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UCU Official Dispute

Strike ballots open at UK universities

18 October 2021

The University and College Union (UCU) has told employers they have 'three weeks to save term' as it begins balloting members today for strike action at over 150 universities.

The union is balloting its members over cuts to Universities Superannuation Scheme (USS) pensions, declining pay, the use of insecure contracts in the sector, unsafe workloads and serious equality failings.

152 institutions will be balloted in total, 146 of which are being balloted over pay and working conditions, and 68 over cuts to USS pensions. The ballots will run until 4 November.

The ballot over pensions comes after employer body Universities UK (UUK) voted to cut thousands of pounds from the retirement benefits of university staff in August. The plans, based on a flawed valuation of the USS scheme conducted at the beginning of the pandemic as markets were crashing, represent a cut of 35% to a typical member's annual guaranteed pension and guaranteed lump sum.

These cuts come on top of a series of changes between 2011 and 2019 that have already been shown to leave a typical member around £240,000 worse off.

UCU produced alternative proposals for reform of USS, which were discussed at the Joint Negotiating Committee with employers, represented by UUK. However, employers refused to underwrite UCU's proposals to the same level as their own. Employers also refused a range of delay options to allow more time to negotiate.

Pay for university staff fell by 17.6% relative to inflation between 2009 and 2019. Since then employers have made further below-inflation offers, despite university income from tuition fees growing by a third in the last five years. The latest pay offer from University and Colleges Employers Association (UCEA) was just 1.5%, despite the monumental efforts of staff during the pandemic.

The gender pay gap sits at 16% and the most recent Higher Education Statistics Agency figures reveal that, of 22,810 professors in the UK, under a third (27%) were women and only 155 (1%) were Black. The pay gap between black and white staff stands at 17% and the disability pay gap is 9%.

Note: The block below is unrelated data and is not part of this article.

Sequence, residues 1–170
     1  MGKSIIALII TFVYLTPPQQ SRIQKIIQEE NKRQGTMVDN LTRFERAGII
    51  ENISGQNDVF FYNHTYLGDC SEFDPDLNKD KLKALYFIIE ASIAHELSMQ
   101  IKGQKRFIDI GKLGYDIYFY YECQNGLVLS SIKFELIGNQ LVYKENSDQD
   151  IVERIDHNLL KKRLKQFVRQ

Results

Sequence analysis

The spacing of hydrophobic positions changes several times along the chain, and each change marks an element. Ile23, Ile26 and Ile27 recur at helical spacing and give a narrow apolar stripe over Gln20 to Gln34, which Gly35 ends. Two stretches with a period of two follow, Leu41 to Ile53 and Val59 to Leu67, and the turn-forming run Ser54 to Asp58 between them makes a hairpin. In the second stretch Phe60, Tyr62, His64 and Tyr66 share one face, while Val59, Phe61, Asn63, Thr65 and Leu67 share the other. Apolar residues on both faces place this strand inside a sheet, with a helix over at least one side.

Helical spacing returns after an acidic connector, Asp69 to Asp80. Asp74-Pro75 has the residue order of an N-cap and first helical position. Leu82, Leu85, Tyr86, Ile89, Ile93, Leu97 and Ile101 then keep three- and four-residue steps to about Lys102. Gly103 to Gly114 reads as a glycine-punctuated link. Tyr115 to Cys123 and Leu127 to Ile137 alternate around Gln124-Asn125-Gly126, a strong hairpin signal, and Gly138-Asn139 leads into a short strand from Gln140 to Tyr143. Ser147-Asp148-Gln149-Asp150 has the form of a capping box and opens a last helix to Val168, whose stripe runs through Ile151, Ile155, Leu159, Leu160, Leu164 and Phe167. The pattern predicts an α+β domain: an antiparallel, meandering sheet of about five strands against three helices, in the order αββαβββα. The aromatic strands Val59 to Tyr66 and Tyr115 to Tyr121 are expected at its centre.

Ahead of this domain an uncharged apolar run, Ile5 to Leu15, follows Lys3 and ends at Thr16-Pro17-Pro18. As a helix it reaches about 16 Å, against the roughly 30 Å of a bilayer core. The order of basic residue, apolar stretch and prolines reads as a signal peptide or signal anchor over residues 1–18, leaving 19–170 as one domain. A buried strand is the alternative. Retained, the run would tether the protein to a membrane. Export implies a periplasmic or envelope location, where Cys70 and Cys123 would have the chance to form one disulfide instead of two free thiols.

UCU is demanding a £2.5k pay increase; an end to race, gender and disability pay injustice; a framework to eliminate zero-hours and other precarious contracts; and meaningful action to tackle unmanageable workloads.

The National Union of Students (NUS) offered its support for staff planning to take action, saying 'students will hold employers responsible' if vice chancellors and employers do not come to 'a negotiated settlement and address the fundamental issues repeatedly raised by staff.'

UCU general secretary Jo Grady, said:

'University staff are the backbone of the sector, but for a decade they have been thanked with massive cuts to their pensions, collapsing pay and the rampant use of insecure contracts.

'The university sector is worth tens of billions of pounds, but the uncomfortable truth is that this success is built on exploitation, with staff denied dignity in work and in retirement by vice chancellors on eye watering salaries.

'Industrial action can easily be avoided if employers withdraw their disgraceful pension cuts and make credible offers on pay and working conditions. These are not radical demands, but the bare minimum staff deserve and in the best interests of the sector as a whole.

'Employers have three weeks to sort this out. If they don't, the blame for any disruption will fall squarely at their feet.'

Last updated: 26 October 2021